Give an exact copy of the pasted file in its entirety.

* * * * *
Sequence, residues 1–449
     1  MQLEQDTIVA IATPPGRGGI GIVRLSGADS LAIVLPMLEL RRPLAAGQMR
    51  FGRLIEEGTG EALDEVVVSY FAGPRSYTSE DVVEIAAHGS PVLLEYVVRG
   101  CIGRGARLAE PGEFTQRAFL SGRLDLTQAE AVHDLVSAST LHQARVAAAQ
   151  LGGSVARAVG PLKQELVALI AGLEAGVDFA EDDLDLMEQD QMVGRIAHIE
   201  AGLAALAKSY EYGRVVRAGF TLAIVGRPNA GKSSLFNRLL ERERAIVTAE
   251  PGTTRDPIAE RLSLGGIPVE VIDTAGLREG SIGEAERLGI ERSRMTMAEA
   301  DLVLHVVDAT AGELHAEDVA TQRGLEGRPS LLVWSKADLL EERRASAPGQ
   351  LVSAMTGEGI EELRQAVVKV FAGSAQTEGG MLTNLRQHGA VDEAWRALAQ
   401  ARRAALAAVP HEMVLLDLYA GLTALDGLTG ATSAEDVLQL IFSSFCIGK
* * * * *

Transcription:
Sequence, residues 1–449
     1  MQLEQDTIVA IATPPGRGGI GIVRLSGADS LAIVLPMLEL RRPLAAGQMR
    51  FGRLIEEGTG EALDEVVVSY FAGPRSYTSE DVVEIAAHGS PVLLEYVVRG
   101  CIGRGARLAE PGEFTQRAFL SGRLDLTQAE AVHDLVSAST LHQARVAAAQ
   151  LGGSVARAVG PLKQELVALI AGLEAGVDFA EDDLDLMEQD QMVGRIAHIE
   201  AGLAALAKSY EYGRVVRAGF TLAIVGRPNA GKSSLFNRLL ERERAIVTAE
   251  PGTTRDPIAE RLSLGGIPVE VIDTAGLREG SIGEAERLGI ERSRMTMAEA
   301  DLVLHVVDAT AGELHAEDVA TQRGLEGRPS LLVWSKADLL EERRASAPGQ
   351  LVSAMTGEGI EELRQAVVKV FAGSAQTEGG MLTNLRQHGA VDEAWRALAQ
   401  ARRAALAAVP HEMVLLDLYA GLTALDGLTG ATSAEDVLQL IFSSFCIGK